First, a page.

Retired former Wimbledon champion Marion Bartoli has taken a brutal swipe at Nick Kyrgios, describing him as “pathetic” and questioning whether he will ever be able to win a grand slam title.
The Frenchwoman – a winner at the All England Club in 2013 – was speaking on the BBC’s coverage in the wake of Kyrgios’s straight sets win against Robin Haase.
When asked if she thought Kyrgios was capable of winning a grand slam in the future, Bartoli gave a brutally honest response.
“I don’t think so,” she said without hesitation.
“Just because his work ethic is just not good enough to win a grand slam.
“And even when Rafa and Roger will eventually retire, the field is just too strong.
“All of the other players just put (in) so much hard work to be there.”
Bartoli agreed with a suggestion from fellow analyst and former grand slam champion, John McEnroe, that Kyrgios had similar characteristics to her countryman, Gael Monfils.
“That’s why Gael (Monfils) has never won a grand slam as well and it’s a true shame because those kids just have so much potential.
“It’s really, in a way pathetic, to see them just being (childish).
“It just seems like they can’t grow up. they can’t become men they just can’t take charge of their own lives.”
Kyrgios fired back at the Frenchwoman’s analysis on social media with a post reading: “Hahahahaha 😂 good perspective 👍🏽.”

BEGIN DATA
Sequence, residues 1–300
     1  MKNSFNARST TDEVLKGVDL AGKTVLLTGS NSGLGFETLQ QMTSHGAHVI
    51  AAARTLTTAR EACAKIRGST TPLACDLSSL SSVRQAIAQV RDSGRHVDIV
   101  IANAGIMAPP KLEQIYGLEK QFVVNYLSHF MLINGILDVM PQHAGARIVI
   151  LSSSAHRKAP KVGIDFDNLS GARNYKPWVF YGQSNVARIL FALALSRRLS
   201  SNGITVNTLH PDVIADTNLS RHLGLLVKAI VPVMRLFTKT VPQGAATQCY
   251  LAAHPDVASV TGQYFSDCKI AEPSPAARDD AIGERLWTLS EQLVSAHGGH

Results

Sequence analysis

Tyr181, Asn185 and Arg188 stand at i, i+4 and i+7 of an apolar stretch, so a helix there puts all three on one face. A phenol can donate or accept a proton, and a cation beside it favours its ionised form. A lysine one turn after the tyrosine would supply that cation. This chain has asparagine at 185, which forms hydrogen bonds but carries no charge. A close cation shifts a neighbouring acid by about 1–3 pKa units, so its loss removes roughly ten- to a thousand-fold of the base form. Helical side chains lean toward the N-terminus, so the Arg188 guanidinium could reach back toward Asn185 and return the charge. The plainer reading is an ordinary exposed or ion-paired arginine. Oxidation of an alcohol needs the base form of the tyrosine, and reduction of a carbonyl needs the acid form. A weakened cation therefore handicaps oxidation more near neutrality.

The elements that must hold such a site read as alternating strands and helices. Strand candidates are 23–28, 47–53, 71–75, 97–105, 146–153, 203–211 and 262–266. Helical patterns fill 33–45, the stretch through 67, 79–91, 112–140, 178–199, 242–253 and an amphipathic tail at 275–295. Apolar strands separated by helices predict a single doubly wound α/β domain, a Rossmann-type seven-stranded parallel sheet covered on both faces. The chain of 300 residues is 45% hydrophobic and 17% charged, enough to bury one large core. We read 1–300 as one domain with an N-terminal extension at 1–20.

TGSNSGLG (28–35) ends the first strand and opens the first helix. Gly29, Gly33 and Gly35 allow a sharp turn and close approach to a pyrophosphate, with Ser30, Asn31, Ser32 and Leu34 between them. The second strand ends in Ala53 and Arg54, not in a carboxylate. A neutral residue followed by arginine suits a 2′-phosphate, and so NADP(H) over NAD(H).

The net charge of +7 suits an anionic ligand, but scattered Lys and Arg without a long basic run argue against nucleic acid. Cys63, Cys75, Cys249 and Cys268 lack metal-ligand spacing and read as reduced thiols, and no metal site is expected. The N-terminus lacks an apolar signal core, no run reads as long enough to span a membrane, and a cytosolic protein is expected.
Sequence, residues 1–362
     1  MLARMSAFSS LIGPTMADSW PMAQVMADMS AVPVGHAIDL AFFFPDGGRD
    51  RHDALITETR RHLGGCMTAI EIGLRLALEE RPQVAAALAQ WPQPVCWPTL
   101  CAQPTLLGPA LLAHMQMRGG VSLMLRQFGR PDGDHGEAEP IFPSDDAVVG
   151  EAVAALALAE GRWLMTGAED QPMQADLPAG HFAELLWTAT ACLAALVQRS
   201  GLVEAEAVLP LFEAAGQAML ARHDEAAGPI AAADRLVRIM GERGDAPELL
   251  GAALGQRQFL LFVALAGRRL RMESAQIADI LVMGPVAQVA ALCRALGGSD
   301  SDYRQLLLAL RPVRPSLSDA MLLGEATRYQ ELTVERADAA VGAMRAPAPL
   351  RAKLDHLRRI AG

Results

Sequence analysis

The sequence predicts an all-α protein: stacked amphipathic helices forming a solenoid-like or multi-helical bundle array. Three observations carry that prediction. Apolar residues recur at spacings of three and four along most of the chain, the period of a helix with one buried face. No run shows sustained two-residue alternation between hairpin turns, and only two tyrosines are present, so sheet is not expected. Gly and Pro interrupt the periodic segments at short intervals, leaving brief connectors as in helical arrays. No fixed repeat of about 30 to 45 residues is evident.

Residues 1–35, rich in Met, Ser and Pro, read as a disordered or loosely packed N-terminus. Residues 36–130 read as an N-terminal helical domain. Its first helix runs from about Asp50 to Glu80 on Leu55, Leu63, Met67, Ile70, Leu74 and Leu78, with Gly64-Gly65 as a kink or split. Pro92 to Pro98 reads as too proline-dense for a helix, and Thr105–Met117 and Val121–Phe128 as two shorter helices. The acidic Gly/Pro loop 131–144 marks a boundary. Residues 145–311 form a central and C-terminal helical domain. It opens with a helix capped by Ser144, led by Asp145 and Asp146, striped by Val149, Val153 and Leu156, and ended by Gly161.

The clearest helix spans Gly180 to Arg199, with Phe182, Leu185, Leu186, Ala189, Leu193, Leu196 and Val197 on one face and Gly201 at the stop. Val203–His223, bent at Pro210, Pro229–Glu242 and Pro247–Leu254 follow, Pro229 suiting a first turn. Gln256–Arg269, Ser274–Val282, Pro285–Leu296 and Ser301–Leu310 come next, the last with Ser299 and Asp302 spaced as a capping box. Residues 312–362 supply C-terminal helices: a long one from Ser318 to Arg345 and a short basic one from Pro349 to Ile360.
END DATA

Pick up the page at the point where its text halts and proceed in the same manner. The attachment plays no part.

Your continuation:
Bartoli did go on to say after her stinging criticism that she hoped Kyrgios lived up to his unquestionable ability.
“I truly hope Nick will be able to get it together at some point,” she said.
“I don’t know what he needs … maybe a wake up call to see he’s going to waste his life if he keeps on acting like that.”
Kyrgios had more problems dealing with his entourage than he did with Haase.
As he motored towards victory in the third set, Kyrgios turned on his courtside box, including his father George, demanding they stand up and cheer him home.
“Why are you down? How hard is it to stand up for one game? This could be over in five minutes,” he moaned, over and over.
And despite adding another 19 aces to his massive English summer tally, an agitated Kyrgios also sought an explanation of the foot-fault rule from umpire James Keothavong after repeatedly being pinged for over-stepping the service line.
During a changeover, the official descended from his chair to demonstrate before Kyrgios carried on and eventually completed an otherwise comfortable straight-sets win.
“The first two sets, I was pretty impressed with my performance,” Kyrgios said after progressing to a meeting on Saturday with Kei Nishikori.
“Obviously the third set got a bit rocky. I broke him a couple times, lost my serve, lost focus.
“I knew the match was going to get tough at a certain stage. I’m just glad I got through it and didn’t have to go to four sets.”
Nishikori’s 2-6 6-3 7-6 (9-7) 7-5 victory over Bernard Tomic robbed fans of a long-awaited first-time match-up between Kyrgios and Tomic.